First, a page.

I find fault with the exhibition at this point, as the images were all in black and white. If the shots were in colour, I think it would have brought the events to life. It was in my lifetime, it was the 80s. Displaying the events in black and white ages them, and perhaps keeps them in the past. At the time a lot of photographers were shooting in colour as part of the “social realism” style of the day. This project would have worked well in colour.
Still, the exhibition got me thinking again about the strike. I was too young at the time to appreciate what was happening but as I’ve taken more interest in society, politics, history, the media, class issues and all that kind of crap, the strike fascinates me.
The strike initially began as a response to Margaret Thatcher’s Conservative Government, announcing that many pits across the country had become unprofitable and would be closed. Many communities, especially in North East England, relied almost entirely on the pits. Without the pits there would be mass unemployment. Angry and fearful, many miners in the affected areas went on strike. Supported by their union, the National Union of Mineworkers led by Arthur Scargill, the strike was declared a national strike.
As it progressed the strike became increasingly bitter. Stung by a previous strike which effectively brought down the previous Conservative government, Margaret Thatcher brought down the full weight of the state upon the miners, their union and its representatives. She was determined to bring national industries into a free market and to crush the trade unions that prevented it.
Police were drafted in from around the country to oppress protests and used brutal and violent tactics, resulting in the injury and arrest of thousands of miners. MI5 was used to spy on union officials. The courts were used to freeze the assets of the union. Welfare benefits to strikers families were stopped. The right wing media condemned the strike on a daily basis, often editing events to make the strikers look bad.
Thatcher declared war on the striking miners and the union, calling them “the enemy within”. Scargill declared this to be class warfare, and for many miners struggling to feed their families and heat their homes whilst the middle classes thrived, it was. Millions of pounds of public money was spent on policing the strike – money that could have been spent on supporting the mining industry.
Support for the strike was much stronger in working class areas. Scargill was a hero to many, refusing to back down in the face of severe personal provocation from a government hellbent on destroying working class communities. To the ruling classes, he was a dangerous revolutionary intent on overthrowing their way of life with the intention of housing the Queen in a council house and creating a Marxist superstate.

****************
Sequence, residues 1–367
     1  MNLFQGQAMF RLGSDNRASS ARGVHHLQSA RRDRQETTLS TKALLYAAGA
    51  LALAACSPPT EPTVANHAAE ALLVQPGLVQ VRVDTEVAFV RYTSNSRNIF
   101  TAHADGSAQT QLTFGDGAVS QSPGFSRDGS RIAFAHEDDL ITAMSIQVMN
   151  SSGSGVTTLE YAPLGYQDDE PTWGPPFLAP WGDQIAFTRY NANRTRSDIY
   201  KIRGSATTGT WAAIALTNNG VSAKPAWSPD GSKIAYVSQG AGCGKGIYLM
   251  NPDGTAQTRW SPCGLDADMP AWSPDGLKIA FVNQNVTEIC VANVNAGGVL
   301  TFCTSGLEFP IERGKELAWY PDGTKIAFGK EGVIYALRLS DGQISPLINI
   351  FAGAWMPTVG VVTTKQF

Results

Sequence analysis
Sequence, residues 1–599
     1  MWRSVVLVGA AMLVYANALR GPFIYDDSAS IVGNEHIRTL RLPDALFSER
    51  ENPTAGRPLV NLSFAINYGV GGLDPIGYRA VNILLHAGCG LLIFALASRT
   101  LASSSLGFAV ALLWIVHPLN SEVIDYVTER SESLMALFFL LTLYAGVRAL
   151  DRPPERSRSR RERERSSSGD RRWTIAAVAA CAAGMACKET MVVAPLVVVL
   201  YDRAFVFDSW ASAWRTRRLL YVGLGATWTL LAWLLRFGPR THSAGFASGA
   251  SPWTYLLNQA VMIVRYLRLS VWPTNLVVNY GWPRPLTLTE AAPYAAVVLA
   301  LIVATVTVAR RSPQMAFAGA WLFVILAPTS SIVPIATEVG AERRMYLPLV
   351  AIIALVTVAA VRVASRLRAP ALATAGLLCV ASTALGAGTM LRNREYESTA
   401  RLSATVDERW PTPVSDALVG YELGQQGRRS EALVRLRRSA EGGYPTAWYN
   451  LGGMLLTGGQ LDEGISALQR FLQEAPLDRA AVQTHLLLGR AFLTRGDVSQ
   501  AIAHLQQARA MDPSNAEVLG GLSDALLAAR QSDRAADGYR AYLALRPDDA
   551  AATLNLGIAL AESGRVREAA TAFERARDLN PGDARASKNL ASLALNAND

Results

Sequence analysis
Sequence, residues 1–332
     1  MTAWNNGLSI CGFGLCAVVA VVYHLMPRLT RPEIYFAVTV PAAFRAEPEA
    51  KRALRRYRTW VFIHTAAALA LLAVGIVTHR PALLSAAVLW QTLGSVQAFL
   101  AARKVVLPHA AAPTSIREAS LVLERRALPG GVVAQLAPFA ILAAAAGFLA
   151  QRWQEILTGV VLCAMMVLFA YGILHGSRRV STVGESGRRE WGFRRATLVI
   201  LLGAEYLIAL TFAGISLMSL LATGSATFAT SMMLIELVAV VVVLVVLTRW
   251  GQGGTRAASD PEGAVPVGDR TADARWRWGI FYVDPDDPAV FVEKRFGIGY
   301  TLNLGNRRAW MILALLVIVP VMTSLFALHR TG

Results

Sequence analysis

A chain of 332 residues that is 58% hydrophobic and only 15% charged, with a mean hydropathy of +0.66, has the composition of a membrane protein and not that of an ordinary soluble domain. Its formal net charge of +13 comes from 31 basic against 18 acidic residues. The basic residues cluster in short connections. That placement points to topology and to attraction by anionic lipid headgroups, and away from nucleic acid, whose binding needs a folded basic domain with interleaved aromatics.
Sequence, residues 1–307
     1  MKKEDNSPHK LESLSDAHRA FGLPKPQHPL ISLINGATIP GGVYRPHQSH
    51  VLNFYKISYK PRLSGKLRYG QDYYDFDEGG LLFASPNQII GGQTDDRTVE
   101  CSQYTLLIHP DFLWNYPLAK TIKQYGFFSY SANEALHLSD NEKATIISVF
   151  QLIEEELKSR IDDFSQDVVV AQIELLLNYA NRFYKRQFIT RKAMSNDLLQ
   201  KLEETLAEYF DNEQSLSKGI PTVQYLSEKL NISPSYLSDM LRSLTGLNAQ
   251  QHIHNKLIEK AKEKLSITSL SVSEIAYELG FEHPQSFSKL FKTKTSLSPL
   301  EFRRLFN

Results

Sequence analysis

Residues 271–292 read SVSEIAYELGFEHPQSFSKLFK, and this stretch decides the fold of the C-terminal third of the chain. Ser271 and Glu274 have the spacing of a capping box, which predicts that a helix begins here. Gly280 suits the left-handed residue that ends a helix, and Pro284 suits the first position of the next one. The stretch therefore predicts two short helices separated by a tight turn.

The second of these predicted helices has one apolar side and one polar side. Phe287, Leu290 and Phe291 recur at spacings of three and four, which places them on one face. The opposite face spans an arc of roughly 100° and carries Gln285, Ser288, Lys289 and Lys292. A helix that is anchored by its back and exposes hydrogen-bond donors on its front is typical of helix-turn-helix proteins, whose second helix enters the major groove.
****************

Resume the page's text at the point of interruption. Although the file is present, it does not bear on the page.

Of course, there is only so long that a family can do without money, and the miners had to return to work. And of course many mines were closed, many jobs were lost, communities were torn apart and broken and lives ruined. The coal industry was privatised along with many other industries and unions damaged forever. Thatcher got her wish. The government was free to run the country at the expense of the poor for the benefit of the rich.
As in 1984, Britain in 2012 is divided along class lines. The Conservative led coalition government is continuing what Thatcher started, with a constant stream of policies protecting the privileges of their own class whilst simultaneously attacking the vulnerable working classes. The police continue to oppress demonstrations with brutal force and the right wing media continues to demonise those who go on strike to protect their livelihoods and their futures.
So when David Cameron talks about “Broken Britain”, he would do well to remember it was none other than his idol that broke it. But then, that’s exactly what they want, because when Britain breaks, it’s the poor people that suffer. And they ain’t poor.
Pattison’s exhibition is showing until 27th January. Here’s a link to the images if you can’t make it…
A fellow photographer recently shared a letter from one of her clients. The letter started talking about the price of photographs, and how it had put her off having them taken. But as we read on, we found out that this client had been diagnosed with cancer with just weeks to live and was filled with regret. She said how sad it was making her to think that she was leaving her husband and kids without a pile of amazing family photos. How her kids will only have few photos of their mum to remember her by. For her, the photographs were a way of leaving something behind for your loved ones that had only become so important when she had become ill.